Talent Economy Week in Review: February 13-17

The top TE stories from this week. Plus, Friday's Talent Docket.

These were the top Talent Economy stories for the week of February 13-17, 2017:

Welcome to the ‘Opt In’ Era of WorkToday’s social contract requires individuals take more responsibility of their professional advancement, writes Managing Editor Frank Kalman.

The Unintended Consequences of Hiring Freezes: Although hiring freezes save money on staff costs in the short term, they could cost the company more in the long run, writes Associate Editor Lauren Dixon.

6 Ways Small Businesses Can Outcompete Large Firms on Talent: Larger companies have many advantages when it comes to attracting top talent. These are six ways smaller firms can outcompete their larger competitors, writes Talent Economy Influencer and freelance journalist Wendy Webb.

FROM THE WINTER 2017 QUARTERLY: Winter 2017 Insider … Kevin Kelly: The author of “The Inevitable,” talks about the major technology forces poised to transform work and society with Managing Editor Frank Kalman. Read the entire digital edition of the quarterly here.

New Talent10x: ‘Main Street Capitalism’ and the Talent EconomyManaging Editor Frank Kalman chats with David Smick, author of the book “The Great Equalizer,” on current economic trends and their impact on the talent economy. Listen here or subscribe to Talent10x on iTunes.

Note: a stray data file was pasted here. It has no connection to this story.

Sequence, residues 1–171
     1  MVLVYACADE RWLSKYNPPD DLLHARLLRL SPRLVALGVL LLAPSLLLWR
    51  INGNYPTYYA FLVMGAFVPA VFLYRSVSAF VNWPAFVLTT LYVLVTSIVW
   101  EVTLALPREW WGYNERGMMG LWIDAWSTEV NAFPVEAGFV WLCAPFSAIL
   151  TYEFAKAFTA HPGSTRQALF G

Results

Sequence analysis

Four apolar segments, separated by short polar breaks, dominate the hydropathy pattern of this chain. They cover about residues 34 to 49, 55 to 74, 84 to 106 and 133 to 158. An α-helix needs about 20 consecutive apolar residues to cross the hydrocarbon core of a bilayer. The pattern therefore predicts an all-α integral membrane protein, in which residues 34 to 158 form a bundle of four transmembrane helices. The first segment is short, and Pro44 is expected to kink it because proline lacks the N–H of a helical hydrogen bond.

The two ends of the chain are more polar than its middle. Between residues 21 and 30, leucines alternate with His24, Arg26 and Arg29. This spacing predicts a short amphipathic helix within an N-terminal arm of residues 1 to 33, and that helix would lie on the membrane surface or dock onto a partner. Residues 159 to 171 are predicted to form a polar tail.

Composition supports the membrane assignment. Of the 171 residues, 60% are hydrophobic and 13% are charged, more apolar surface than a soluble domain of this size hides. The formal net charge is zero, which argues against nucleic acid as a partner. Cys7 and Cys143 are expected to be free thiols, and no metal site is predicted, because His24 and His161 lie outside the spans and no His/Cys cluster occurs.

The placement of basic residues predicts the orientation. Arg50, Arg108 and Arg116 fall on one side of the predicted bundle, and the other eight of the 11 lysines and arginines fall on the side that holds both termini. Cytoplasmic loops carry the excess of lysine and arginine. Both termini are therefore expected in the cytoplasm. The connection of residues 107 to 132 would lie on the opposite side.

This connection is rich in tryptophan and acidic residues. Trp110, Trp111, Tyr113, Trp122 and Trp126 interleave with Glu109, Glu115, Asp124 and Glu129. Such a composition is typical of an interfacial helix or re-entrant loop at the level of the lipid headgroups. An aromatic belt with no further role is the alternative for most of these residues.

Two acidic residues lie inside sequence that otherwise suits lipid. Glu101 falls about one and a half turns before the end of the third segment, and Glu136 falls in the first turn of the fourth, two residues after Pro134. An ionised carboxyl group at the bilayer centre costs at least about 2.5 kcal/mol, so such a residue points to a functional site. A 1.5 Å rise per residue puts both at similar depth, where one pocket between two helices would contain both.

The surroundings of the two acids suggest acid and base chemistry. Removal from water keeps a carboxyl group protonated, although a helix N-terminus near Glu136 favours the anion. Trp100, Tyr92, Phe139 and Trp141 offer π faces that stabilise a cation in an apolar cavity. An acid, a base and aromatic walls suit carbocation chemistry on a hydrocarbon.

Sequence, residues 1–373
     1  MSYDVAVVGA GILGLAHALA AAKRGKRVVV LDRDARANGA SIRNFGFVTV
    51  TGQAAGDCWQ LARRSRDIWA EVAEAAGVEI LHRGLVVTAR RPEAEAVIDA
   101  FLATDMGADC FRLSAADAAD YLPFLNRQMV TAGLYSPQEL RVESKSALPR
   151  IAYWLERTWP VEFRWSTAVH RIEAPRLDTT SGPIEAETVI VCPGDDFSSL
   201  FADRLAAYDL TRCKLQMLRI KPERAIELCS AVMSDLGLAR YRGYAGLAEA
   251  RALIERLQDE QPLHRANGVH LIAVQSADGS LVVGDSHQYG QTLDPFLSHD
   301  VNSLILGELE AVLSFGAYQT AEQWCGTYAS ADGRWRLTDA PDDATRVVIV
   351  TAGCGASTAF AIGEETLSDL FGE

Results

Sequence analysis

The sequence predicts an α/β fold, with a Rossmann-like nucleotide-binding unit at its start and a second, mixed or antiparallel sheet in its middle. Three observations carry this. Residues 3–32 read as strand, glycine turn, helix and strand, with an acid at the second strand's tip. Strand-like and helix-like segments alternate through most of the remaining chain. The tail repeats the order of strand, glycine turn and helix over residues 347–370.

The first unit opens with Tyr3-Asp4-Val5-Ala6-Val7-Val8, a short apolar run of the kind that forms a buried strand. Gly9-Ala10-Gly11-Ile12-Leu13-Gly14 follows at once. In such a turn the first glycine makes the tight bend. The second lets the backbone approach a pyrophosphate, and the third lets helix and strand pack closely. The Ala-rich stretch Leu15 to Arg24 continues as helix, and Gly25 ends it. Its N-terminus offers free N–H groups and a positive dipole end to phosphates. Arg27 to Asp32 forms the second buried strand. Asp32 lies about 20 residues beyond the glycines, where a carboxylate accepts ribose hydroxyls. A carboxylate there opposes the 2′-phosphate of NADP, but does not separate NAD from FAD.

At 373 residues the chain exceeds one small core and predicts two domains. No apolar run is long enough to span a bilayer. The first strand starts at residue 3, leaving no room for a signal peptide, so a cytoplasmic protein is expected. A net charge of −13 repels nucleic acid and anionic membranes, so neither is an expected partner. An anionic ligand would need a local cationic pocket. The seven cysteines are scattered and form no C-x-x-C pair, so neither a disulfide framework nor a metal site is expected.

Finally, here is the Talent Docket for Friday, February 17, 2017:

Alexander Acosta is Trump’s pick to be labor secretary, after his former pick, Andrew Puzder, withdrew his nomination Thursday, reports The Wall Street Journal (Paywall).

A summons from the White House used to be a privilege for CEOs, but now, in the Trump era, such invitations are seen as something to be avoided, writes The New York Times.

Here’s how the restaurant industry reacted to the “Day Without Immigrants” protest, from Entrepreneur.

Firms are commonly accused of failing to look ahead, an accusation The Economist writes is misguided.

Finally, Bill Gates says robots that take over jobs should pay taxes, from Business Insider.